Fly by Nights

FRI, 2/25

The lesser snow goose is an undependable fellow: Cruising the Western Central Flyway during migration, it makes one of its stopovers at John Martin Reservoir near Lamar. But, hey, some days the pickings might look better at Horse Creek Reservoir outside Las Animas. And sometimes, when the weather grows cold, the birds hightail it back down south where the food is. Nevertheless, the City of Lamar, with fingers crossed collectively behind its back, is throwing a High Plains Snow Goose Festival this weekend. It's the third year for the event, patterned after the popular Monte Vista Crane Festival, and, as Colorado Division of Wildlife spokesman Michael Seraphin notes, well worth it when providence lends a hand: "When you get into the right circumstances, it's awesome. You might see upwards of 40,000 birds landing on the shoreline." That's 40,000 snow-white birds dropping down from the heavens, folks. And if they don't show up? Lamar is still throwing a party, with an arts-and-crafts fair, lectures and more, in addition to goose-viewing tours at sunrise and sunset.

Dress warmly, bring binoculars, and keep the region's other sights -- from Bent's Old Fort to the Camp Amache Japanese Internment Camp -- in mind. For information, call 1-719-336-4379 or go to -- Susan Froyd

Riding Like a Girl
Women get in gear
SAT, 2/26

Ladies know that size matters when you're talking sweaty, heart-pounding bliss. And ladies who pedal know that length is especially critical when you're talking about the top tube on a bike frame. Over the past few years, manufacturers have been increasing the number of bikes, equipment and clothing designed specifically for women.

The folks at Wheat Ridge Cyclery, 7085 West 38th Avenue, celebrate the latest of those products tonight with their third annual Women's Night Out. From 7 to 10 p.m., ladies (and their male friends) can enjoy free food and wine, a fashion show, special discounts, a bike raffle and the chance to chat with manufacturers from companies such as Trek, Specialized and Pearl Izumi. "The event's been wildly popular," says the shop's Evan Lee. "It's a great opportunity to talk with the people who actually make the stuff, to tell them your concerns and needs, because believe me, they really listen. That's how the women-specific niche got started." For information, call 303-424-3221. -- Shara Rutberg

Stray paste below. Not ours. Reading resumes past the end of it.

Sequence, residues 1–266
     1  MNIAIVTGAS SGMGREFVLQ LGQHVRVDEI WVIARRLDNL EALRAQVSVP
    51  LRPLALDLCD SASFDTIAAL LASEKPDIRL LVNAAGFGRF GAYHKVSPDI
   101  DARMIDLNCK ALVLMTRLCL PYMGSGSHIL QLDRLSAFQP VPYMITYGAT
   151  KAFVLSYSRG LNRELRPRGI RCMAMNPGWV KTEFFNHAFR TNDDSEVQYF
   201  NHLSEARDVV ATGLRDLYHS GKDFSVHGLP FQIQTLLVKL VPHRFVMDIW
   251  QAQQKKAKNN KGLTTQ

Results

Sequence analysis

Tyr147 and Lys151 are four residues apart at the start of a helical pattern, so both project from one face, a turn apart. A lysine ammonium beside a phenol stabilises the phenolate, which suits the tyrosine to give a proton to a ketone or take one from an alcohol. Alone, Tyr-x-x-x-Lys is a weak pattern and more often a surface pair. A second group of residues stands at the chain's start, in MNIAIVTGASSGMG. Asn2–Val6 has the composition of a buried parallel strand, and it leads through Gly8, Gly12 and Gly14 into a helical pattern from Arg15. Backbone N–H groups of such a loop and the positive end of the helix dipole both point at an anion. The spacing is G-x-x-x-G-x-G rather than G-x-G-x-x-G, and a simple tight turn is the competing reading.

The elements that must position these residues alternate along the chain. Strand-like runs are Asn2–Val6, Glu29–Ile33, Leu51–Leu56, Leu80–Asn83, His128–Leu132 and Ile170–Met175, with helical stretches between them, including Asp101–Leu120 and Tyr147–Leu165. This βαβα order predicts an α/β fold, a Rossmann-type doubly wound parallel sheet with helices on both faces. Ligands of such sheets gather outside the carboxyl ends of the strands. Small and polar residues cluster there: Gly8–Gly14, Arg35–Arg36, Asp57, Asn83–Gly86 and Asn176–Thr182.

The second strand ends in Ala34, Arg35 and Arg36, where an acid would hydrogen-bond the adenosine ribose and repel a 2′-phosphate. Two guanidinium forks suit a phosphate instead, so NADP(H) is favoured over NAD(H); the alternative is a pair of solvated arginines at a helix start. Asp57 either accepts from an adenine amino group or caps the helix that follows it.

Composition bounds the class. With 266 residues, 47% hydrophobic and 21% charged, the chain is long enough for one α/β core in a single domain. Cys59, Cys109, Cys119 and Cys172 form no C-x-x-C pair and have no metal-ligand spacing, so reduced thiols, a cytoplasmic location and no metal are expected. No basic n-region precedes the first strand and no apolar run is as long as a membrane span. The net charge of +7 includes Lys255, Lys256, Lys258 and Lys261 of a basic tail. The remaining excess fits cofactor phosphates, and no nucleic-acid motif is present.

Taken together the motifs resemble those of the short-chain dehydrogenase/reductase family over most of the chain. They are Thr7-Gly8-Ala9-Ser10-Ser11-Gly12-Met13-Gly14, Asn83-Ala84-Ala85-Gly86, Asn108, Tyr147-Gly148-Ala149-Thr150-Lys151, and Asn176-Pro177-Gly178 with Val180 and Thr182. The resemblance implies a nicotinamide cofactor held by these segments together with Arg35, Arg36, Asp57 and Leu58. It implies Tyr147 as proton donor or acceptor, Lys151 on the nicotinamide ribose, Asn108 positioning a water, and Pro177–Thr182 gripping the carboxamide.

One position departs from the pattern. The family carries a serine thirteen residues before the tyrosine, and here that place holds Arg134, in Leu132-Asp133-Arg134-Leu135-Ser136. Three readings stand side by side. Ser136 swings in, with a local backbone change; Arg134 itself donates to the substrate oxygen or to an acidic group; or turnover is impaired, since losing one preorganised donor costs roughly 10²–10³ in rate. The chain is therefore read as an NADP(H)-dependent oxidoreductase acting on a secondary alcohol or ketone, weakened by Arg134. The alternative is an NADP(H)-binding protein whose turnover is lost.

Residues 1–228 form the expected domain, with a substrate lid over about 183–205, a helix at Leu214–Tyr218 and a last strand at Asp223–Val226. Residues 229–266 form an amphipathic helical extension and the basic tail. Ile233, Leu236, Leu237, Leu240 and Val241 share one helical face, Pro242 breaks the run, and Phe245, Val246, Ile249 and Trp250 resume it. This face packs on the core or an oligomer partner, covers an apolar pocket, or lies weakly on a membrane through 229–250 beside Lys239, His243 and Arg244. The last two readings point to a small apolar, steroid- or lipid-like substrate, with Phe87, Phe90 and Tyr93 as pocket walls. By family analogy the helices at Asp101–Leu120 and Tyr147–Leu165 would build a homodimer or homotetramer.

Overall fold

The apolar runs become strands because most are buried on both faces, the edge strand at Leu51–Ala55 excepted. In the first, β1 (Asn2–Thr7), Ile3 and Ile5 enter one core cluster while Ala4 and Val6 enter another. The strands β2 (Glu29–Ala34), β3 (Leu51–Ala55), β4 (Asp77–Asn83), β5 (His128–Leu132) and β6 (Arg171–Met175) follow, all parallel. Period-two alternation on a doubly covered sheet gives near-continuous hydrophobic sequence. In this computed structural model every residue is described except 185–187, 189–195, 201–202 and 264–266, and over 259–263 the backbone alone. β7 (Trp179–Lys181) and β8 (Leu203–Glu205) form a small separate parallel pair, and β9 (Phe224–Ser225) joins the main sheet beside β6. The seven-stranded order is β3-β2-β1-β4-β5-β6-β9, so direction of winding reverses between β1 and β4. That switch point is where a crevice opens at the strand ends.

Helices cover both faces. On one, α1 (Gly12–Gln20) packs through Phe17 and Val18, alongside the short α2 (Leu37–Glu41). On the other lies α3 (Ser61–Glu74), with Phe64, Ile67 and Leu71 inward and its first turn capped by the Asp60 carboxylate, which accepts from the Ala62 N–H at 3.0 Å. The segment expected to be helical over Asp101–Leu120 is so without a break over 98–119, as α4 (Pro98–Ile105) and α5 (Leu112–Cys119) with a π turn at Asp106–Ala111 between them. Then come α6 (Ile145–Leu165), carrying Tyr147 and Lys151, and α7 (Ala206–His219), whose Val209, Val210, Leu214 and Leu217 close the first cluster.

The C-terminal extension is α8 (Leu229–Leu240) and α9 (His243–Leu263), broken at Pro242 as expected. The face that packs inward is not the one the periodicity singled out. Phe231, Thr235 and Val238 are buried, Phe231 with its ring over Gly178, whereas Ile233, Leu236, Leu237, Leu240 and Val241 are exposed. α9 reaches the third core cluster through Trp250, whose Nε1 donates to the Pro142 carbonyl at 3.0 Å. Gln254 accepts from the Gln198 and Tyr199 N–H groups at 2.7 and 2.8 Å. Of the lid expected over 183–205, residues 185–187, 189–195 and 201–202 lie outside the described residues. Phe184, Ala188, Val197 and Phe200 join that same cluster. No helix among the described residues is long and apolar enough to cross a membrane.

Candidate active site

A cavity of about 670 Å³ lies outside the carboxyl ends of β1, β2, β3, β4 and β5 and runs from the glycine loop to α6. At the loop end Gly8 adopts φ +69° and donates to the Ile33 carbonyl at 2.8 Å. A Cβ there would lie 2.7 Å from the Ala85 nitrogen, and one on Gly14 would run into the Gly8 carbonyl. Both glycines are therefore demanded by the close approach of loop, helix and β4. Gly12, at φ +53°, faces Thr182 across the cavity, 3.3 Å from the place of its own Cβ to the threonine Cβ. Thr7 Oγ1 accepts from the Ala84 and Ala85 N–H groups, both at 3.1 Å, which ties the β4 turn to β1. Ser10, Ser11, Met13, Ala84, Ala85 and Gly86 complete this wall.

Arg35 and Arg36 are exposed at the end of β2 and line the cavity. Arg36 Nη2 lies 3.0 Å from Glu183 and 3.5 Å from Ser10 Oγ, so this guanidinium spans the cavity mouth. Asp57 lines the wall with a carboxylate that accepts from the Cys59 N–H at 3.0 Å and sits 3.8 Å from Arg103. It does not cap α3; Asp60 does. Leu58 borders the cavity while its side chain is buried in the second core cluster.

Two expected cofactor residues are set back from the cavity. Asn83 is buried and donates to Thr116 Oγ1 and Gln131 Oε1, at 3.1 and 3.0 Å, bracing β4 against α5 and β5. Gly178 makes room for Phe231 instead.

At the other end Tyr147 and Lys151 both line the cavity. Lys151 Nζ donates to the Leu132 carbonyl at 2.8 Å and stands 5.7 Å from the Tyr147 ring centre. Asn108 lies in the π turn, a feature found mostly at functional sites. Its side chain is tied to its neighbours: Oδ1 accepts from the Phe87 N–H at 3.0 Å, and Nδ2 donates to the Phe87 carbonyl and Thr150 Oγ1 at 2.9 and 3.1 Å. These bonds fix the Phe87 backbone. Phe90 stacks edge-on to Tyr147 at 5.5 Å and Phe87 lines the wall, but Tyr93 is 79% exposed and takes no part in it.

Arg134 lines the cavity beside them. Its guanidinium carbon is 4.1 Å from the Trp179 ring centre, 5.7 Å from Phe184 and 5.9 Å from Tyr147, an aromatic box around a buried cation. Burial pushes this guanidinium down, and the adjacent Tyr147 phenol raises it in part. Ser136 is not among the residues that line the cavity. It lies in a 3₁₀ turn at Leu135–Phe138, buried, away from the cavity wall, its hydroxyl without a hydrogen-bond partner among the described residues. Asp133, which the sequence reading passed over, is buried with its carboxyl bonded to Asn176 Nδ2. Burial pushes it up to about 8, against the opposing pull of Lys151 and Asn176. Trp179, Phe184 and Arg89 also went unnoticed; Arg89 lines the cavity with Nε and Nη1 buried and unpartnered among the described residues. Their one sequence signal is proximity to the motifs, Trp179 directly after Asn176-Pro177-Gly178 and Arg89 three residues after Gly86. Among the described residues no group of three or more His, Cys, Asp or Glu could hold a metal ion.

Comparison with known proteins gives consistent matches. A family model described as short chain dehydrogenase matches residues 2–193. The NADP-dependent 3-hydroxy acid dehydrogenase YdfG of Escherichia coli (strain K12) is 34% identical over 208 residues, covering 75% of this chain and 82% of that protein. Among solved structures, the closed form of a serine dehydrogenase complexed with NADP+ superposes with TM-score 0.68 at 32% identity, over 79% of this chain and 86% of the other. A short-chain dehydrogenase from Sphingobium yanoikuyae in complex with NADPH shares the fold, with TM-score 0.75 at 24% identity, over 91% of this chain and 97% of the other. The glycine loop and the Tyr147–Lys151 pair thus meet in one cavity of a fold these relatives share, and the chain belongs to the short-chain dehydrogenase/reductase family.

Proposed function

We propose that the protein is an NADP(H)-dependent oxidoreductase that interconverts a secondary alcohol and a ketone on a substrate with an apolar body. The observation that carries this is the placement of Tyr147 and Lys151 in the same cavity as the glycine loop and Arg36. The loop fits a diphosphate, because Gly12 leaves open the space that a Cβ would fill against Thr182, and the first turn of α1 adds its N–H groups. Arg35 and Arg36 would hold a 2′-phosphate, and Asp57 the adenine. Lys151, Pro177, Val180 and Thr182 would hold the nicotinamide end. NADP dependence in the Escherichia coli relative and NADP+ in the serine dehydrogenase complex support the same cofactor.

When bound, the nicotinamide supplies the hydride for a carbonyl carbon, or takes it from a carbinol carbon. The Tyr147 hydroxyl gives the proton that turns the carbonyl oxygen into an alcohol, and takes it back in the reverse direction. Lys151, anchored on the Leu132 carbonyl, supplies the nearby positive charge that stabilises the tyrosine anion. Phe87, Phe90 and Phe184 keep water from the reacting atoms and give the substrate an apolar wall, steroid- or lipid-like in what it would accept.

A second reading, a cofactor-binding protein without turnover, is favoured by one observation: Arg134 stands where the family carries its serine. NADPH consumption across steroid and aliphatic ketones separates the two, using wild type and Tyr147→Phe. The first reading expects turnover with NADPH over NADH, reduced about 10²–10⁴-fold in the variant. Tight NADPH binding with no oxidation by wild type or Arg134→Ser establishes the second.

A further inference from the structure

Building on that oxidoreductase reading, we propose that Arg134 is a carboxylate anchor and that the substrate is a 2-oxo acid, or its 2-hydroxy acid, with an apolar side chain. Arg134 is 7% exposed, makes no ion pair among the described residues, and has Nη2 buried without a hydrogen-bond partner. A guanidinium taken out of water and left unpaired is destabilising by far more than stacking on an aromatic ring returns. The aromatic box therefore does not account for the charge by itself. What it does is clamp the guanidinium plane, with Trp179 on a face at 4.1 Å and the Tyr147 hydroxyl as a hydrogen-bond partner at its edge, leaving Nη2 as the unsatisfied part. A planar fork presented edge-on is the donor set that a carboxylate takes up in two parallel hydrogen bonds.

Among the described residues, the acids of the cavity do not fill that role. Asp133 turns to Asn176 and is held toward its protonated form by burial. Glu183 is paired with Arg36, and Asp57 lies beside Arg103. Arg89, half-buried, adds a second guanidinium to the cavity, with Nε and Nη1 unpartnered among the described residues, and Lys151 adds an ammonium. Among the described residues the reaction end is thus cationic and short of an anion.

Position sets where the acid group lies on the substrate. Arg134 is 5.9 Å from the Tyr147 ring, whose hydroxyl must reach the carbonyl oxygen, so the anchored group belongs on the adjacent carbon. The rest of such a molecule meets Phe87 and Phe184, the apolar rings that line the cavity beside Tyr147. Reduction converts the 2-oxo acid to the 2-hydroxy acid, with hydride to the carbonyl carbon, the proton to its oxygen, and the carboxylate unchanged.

Snow Queens
SAT, 2/26

If there's one thing we've learned from the All-Star Weekend shmooze-a-thon, it's that for most enthusiasts, the attraction is not really about the event; it's all about the related parties. This pattern seems to apply up-slope, too. For instance, at Telluride Gay Ski Week, which begins today.

Telluride is calling all queens and tomboys for a week of a little skiing -- and tons of parties. (An In Drag Ski Race is scheduled, with appropriate attire required of all participants.) The week includes an Oscar party (one can't miss out on seeing the latest fashions), a Blue Ball (no comment) and even a Pleasure Hunt (definitely no comment). According to Kerri Cardin, a party host from Mountain Village, "This one has been a little controversial, but it's our second time doing it, and, other than a few people, the entire community has been very supportive." So, let the, um, skiing begin!

Telluride Gay Ski Week runs through March 6. An all-week, all-access pass, which includes skiing and entry to all events, costs $310. Non-skiers may purchases party passes for $45. For reservations, call 1-800-909-9881; for information, log on to -- Jerri Theil

KEEP WESTWORD FREE... Since we started Westword, it has been defined as the free, independent voice of Denver, and we'd like to keep it that way. With local media under siege, it's more important than ever for us to rally support behind funding our local journalism. You can help by participating in our "I Support" program, allowing us to keep offering readers access to our incisive coverage of local news, food and culture with no paywalls.
Susan Froyd started writing for Westword as the "Thrills" editor in 1992 and never quite left the fold. These days she still freelances for the paper in addition to walking her dogs, enjoying cheap ethnic food and reading voraciously. Sometimes she writes poetry.
Contact: Susan Froyd
Shara Rutberg
Jerri Theil

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